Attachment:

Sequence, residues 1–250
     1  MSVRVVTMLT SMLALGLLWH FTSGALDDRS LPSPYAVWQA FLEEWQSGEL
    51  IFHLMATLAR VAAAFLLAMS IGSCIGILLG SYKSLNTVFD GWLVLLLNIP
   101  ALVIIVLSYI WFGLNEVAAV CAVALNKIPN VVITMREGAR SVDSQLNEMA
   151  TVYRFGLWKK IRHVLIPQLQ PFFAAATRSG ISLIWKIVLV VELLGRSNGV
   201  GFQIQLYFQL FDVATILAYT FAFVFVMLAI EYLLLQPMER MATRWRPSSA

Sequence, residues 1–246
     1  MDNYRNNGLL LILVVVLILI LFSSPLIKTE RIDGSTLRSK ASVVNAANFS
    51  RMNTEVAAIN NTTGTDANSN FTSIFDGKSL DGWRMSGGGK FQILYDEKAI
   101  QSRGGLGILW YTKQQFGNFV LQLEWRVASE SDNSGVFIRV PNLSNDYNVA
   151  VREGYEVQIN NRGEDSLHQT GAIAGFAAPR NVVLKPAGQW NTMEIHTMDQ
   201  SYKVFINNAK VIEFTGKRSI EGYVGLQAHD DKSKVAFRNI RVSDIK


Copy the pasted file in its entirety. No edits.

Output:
Sequence, residues 1–250
     1  MSVRVVTMLT SMLALGLLWH FTSGALDDRS LPSPYAVWQA FLEEWQSGEL
    51  IFHLMATLAR VAAAFLLAMS IGSCIGILLG SYKSLNTVFD GWLVLLLNIP
   101  ALVIIVLSYI WFGLNEVAAV CAVALNKIPN VVITMREGAR SVDSQLNEMA
   151  TVYRFGLWKK IRHVLIPQLQ PFFAAATRSG ISLIWKIVLV VELLGRSNGV
   201  GFQIQLYFQL FDVATILAYT FAFVFVMLAI EYLLLQPMER MATRWRPSSA

Sequence, residues 1–246
     1  MDNYRNNGLL LILVVVLILI LFSSPLIKTE RIDGSTLRSK ASVVNAANFS
    51  RMNTEVAAIN NTTGTDANSN FTSIFDGKSL DGWRMSGGGK FQILYDEKAI
   101  QSRGGLGILW YTKQQFGNFV LQLEWRVASE SDNSGVFIRV PNLSNDYNVA
   151  VREGYEVQIN NRGEDSLHQT GAIAGFAAPR NVVLKPAGQW NTMEIHTMDQ
   201  SYKVFINNAK VIEFTGKRSI EGYVGLQAHD DKSKVAFRNI RVSDIK